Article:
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LETTERS

‘Bought and sold’: that troublesome UMass Lowell hydrogen study

Alumni Hall at the University of Massachusetts Lowell.Blake Nissen for the Boston Globe

One more reason to take a close look at pipeline replacement program

Re “Gas industry’s wishes color hydrogen study: Funded work, rewrote conclusions to boost it as alternative fuel, e-mails show” (Page A1, Nov. 17): Sabrina Shankman’s excellent investigative reporting about the University of Massachusetts Lowell hydrogen study (which led to a peer-reviewed journal article) raises concerning issues about academic integrity and the compromising role that fossil fuel industry-funded research can play. But it is clarifying on one score: The flawed study unabashedly makes clear that introducing hydrogen into the Commonwealth’s gas distribution system depends on the accelerated pipeline replacement program created by the Legislature in 2014 to promote public safety and reduce methane leaks.

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The study even suggests that to expedite the introduction of hydrogen, the Gas System Enhancement Program “timeline could be accelerated” since several thousand miles of mains still await replacement with hydrogen-compatible plastic pipe.

But nowhere has the Legislature approved the GSEP’s “alternative fuel” purpose. The recent Future of Gas investigation declined to explicitly consider the program’s substantial opportunity costs. And the gas companies’ 2023 GSEP plans, filed last month with the Department of Public Utilities, make no mention of this new use. These plans call for about $800 million of ratepayer-obligated spending in 2023 alone. Portentously for Boston, National Grid’s plan assumes a $3.4 million-per-mile replacement cost — up 16 percent from 2022 — plus the company requests another five years (until 2044) to finish its plan.

The Gas System Enhancement Program is on track to cost gas customers $40 billion through the end of this century, making it the largest infrastructure investment ever undertaken in the Commonwealth, far exceeding planned investments in renewable, non-emitting energy. The program’s purpose needs to be clarified and made transparent. It urgently needs high-level, comprehensive scrutiny and redirection by our new governor, the Legislature, and the Executive Office of Energy and Environmental Affairs.

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Dorie Seavey

Boston

The writer is a research economist on climate issues who conducted a study of the pipeline replacement program last year on behalf of Gas Leaks Allies.


Tough to stand up to industry’s clout, but stand we must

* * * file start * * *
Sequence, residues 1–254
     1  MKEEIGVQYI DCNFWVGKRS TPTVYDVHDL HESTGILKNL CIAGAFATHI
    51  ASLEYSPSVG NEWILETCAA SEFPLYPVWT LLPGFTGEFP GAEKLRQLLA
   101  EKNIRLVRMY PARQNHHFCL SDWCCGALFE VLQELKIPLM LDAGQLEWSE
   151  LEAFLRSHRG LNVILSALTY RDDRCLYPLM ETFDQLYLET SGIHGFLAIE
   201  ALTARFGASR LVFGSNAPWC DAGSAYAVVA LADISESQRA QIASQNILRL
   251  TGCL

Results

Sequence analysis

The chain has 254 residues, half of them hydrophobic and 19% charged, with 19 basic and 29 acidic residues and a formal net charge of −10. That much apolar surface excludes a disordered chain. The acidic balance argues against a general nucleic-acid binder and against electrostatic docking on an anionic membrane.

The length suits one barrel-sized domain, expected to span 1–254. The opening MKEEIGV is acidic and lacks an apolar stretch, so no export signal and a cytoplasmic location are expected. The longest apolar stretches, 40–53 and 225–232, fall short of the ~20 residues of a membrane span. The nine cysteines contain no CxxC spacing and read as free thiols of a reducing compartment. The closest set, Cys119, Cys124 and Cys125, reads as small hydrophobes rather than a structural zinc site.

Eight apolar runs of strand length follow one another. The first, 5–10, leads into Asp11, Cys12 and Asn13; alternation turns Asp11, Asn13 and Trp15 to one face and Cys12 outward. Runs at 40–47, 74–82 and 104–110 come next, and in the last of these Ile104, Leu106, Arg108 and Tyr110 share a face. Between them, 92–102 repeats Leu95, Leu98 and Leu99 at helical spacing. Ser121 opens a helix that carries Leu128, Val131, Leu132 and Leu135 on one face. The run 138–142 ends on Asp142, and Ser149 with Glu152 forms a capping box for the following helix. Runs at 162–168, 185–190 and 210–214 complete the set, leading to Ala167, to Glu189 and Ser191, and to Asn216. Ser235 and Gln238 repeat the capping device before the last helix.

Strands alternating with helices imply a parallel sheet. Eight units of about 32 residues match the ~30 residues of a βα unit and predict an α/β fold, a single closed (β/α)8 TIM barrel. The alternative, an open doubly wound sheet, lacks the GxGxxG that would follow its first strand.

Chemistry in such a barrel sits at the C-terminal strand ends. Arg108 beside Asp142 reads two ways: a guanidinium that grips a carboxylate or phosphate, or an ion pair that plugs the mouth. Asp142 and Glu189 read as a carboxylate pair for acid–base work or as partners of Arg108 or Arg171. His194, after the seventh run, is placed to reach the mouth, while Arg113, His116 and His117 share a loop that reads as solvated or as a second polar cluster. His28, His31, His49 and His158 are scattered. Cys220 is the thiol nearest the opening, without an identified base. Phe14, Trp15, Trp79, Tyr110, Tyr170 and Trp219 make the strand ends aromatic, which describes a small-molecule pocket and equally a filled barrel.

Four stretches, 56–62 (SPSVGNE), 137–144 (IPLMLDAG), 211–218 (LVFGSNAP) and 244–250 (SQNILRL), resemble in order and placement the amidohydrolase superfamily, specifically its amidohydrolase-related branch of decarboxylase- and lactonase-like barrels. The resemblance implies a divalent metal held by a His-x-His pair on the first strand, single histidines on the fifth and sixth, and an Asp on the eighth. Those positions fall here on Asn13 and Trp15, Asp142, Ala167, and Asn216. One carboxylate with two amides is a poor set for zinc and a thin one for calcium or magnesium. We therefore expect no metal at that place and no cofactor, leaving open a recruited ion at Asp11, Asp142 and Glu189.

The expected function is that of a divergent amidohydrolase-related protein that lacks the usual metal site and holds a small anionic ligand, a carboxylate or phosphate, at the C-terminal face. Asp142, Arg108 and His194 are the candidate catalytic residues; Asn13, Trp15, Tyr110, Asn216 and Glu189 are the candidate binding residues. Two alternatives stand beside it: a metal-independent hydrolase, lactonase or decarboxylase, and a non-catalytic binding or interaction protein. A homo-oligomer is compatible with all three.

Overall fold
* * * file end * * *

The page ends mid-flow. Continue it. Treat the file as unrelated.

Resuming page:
I am extremely thankful that the Globe put the article “Gas industry’s wishes color hydrogen study” atop the front page of its Nov. 17 edition. The UMass Lowell report is another instance of the gas industry’s trying to save its current business model. We’ve seen this type of behavior before with cigarettes and lead paint.

I devote my time to fact-based, rational climate action. I don’t have the level of funds that the vested fossil fuel interests do, but I have serious concerns about the realities of hydrogen use — its generation, transportation, storage, risks, and economics — that I would like to see raised to counter the industry’s claims.

The authors of the UMass Lowell study view it as “just the first in a potential series.” Likewise, the Globe and reporter Sabrina Shankman should use her article as a continuation of its investigation into proposals to use hydrogen and renewable natural gas for heating. The public, our legislators, and regulatory agencies need to be informed with easily accessible, accurate information.

Paul Dale

Chair, Energy Committee

Massachusetts Sierra Club

Wayland


‘Green hydrogen’ isn’t green. There’s a better alternative.

The problem with “green hydrogen” is that it isn’t green. The utility-funded UMass Lowell study proposes using a mixture of natural gas and green hydrogen, which would still employ a known greenhouse gas-emitting fuel as an energy source.

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The Home Energy Efficiency Team, or HEET, a local nonprofit, has come up with a better idea: GeoMicroDistricts, similar to what many college campuses use. These are networked geothermal systems that use underground pipes to carry water instead of gas and use heat pumps to heat or cool the water as needed. Both Natural Grid and Eversource have agreed to pilot this model and work has begun in Framingham to make this pilot a reality.